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Things became a bit heated at Wednesday's discussion on the 2021-22 wolf harvest quota
February 2021 Wolf Harvest
Harvest numbers updated Wednesday, Feb. 24 at 4:00 p.m. These numbers may still change as hunters have up to 24 hours to register harvest. *During the February 2021 season, wolves may be pursued statewide, except in zones that are closed early. **The total harvest quota for the February 2021 season has been set at 200 wolves. Fifty percent of the harvest quota within the ceded territories has been reserved in response to a declaration by the Ojibwe bands. The resulting harvestable quota for state hunters and trappers is 119 wolves.
The February 2021 wolf harvest season closed at 3 p.m. on Wednesday, Feb. 24.
During the Natural Resources Board Special Meeting on Feb. 15, the board unanimously voted for a harvest quota of 200 wolves outside reservation lands. Of the approved quota, 119 wolves are allocated to the state, and 81 wolves are allocated to the Ojibwe Tribes in response to the Tribes’ declaration and in accordance with their treaty rights within the Ceded Territory. The department's approved quota considered 2020 wolf population data, population response to previous harvest seasons, scientific literature, and population model projections. The quota's objective is to allow for a sustainable harvest that neither increases nor decreases the state's wolf population.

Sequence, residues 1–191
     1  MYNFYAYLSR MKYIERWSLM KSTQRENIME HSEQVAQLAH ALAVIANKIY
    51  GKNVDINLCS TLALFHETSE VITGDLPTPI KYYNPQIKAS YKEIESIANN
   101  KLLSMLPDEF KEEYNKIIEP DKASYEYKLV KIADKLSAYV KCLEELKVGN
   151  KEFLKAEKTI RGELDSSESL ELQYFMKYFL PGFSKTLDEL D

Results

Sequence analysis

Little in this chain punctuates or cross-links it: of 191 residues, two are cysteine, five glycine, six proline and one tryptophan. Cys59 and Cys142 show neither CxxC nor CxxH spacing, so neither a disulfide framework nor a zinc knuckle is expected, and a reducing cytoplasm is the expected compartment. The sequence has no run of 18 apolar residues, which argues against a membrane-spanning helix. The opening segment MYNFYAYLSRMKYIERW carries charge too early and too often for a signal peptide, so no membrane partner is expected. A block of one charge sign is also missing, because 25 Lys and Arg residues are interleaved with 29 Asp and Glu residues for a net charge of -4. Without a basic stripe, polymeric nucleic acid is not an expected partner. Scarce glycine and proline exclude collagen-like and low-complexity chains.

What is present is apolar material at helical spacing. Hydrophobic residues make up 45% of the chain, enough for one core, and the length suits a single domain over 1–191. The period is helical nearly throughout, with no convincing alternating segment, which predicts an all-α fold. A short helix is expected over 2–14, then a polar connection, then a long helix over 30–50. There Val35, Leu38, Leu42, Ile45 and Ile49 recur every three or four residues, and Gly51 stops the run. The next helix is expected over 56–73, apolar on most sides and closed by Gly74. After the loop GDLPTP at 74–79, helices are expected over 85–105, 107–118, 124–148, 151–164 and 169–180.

All Wisconsin Wolf Harvest Zones Are Now Closed
MADISON, Wis. – The Wisconsin Department of Natural Resources (DNR) today announced that all wolf harvesting zones are now closed to hunting and trapping gray wolves. Zones 2,5,6 closed at 10 a.m., Wednesday, Feb. 24. Zones 1,3,4 closed at 3 p.m. Wednesday, Feb. 24. Hunting and trapping during the closed season/zone carries a forfeiture amount of $303.30. State statute authorizes the DNR to close management zones to harvest following a 24-hour notice based on harvest information. Because of the nature of harvest registration and 24-hour notice, it is possible for harvest quotas to be exceeded. During the Natural Resources Board (NRB) Special Meeting on Feb. 15, the board unanimously voted for a harvest quota of 200 wolves outside reservation lands. Of the approved quota, 119 wolves were allocated to the state, and 81 wolves were allocated to the Ojibwe Tribes in response to the Tribes’ declaration and in accordance with their treaty rights within the Ceded Territory. The current harvest totals are for state license holders and do not include any tribal harvest numbers. Tribal members register tribal harvest in a separate process and is shared between the state and tribes after the season